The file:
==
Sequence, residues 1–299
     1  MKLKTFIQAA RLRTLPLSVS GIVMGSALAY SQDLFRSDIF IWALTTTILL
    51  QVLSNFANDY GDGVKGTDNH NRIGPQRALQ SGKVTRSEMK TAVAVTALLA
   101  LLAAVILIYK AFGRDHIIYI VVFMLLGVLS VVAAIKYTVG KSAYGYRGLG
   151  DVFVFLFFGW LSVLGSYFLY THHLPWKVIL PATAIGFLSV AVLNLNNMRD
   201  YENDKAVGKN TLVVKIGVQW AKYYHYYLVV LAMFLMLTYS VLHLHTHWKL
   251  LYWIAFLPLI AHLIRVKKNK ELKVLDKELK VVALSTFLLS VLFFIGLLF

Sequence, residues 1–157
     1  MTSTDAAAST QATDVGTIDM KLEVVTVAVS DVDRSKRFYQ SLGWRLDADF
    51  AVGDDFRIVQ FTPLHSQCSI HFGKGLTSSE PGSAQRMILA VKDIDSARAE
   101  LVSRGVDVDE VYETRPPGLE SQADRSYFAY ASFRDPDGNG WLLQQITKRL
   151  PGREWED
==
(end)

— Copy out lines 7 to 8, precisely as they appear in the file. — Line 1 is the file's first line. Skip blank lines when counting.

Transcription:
   251  LYWIAFLPLI AHLIRVKKNK ELKVLDKELK VVALSTFLLS VLFFIGLLF

Sequence, residues 1–157